Tribes rally for salmon: Members of California’s indigenous tribes, conservationists and environmental advocates gathered at the Capitol on Wednesday to bring awareness to the negative impacts the March closure of salmon season had on local tribes and fishers across the state.

Though it was a controversial move that some argue could have been avoided, plummeting numbers of Chinook salmon forced a council of fishery managers to cancel the season, which typically runs from May through October, resulting in financial losses for anglers and fishers in the industry. (In 2022, the salmon industry raked in about $460 million from fish sales, restaurants, tackle shops and other related businesses.)

Besides the closure, participants at the event advocated for the completion of the Bay-Delta plan, higher water quality standards and updating the state’s water rights systems.

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1 Fewer services for mental health?

Cynthia Garcia Williams, Lead Peer Parent Partner, at Sycamores El Nido Campus in Altadena on June 30, 2023. Photo by Julie A Hotz for CalMatters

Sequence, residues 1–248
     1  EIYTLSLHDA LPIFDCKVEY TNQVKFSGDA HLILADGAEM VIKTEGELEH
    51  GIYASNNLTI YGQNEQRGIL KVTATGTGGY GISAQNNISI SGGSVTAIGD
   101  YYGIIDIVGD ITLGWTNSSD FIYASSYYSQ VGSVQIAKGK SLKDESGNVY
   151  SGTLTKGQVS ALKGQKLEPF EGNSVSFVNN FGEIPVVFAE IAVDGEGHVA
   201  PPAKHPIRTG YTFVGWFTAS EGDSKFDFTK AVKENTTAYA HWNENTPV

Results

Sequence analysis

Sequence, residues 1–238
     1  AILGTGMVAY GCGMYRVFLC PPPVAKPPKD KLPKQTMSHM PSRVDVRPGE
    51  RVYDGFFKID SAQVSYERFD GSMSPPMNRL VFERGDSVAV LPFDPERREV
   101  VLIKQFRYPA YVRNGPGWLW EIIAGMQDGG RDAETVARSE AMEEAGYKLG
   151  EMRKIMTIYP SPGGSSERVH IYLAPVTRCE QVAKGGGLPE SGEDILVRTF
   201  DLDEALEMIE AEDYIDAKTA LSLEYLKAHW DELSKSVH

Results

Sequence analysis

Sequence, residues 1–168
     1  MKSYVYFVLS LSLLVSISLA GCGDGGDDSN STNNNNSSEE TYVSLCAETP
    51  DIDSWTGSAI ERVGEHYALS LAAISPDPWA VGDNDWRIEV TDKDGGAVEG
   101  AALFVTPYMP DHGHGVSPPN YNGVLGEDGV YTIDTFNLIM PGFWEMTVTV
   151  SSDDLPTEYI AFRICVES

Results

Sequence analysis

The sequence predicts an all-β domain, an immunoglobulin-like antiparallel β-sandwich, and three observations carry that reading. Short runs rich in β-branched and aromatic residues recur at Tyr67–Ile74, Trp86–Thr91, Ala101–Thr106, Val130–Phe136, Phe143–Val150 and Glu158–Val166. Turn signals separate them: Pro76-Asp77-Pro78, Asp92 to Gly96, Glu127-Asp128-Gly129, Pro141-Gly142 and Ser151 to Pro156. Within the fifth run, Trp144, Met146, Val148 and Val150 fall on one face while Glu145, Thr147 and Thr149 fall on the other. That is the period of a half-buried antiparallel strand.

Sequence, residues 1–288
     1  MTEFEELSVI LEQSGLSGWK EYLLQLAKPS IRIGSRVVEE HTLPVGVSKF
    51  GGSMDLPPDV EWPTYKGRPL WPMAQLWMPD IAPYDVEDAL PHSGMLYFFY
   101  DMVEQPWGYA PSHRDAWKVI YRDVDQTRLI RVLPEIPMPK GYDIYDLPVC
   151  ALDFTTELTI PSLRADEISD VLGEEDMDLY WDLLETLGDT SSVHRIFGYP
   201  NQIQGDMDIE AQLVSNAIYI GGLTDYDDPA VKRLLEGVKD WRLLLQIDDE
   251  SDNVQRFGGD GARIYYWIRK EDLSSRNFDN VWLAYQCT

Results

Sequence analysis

Cynthia Garcia Williams, a peer support specialist who helps parents and kids navigate the state’s social and health care, in Altadena on June 30, 2023. Photo by Julie A Hotz for CalMatters

It’s a common practice across many industries: People with more education are paid more. But for behavioral health providers who employ people with real-world experience in addiction, foster care and other complex needs — but don’t have advanced degrees — a new Medi-Cal policy may discourage them from hiring such staffers.

As of July 1, CalAIM, the state program that provides Medi-Cal patients with behavioral health services, started paying more for specialists with advanced degrees or certifications. As CalMatters’ health reporter Kristen Hwang writes, CalAIM is designed to save the state money in the long run by tackling homelessness, addiction and other issues.

But the new pay policy means that providers are incentivized to hire more educated employees. The likely result? Increased costs and fewer services — all during a huge labor crunch for mental health workers.

Community providers who are on the ground, treating patients struggling with mental illness or substance abuse, also argue that the change undervalues specialists who may not have advanced degrees but have invaluable life experiences.

  • Debbie Manners, CEO of a behavioral health program in Southern California: “Many times it is the person with lived experience that keeps the family engaged. They are the ones who listen and who have walked in their shoes.”

One Napa County provider, which runs a psychiatric medication management program, told Kristen that pay for a psychiatric nurse practitioner under the new rates is roughly half of a psychiatrist. Previously, both roles could have been paid about equal, depending on the treatment they provided. In the end, the provider receives less money from Medi-Cal for offering the same services as before.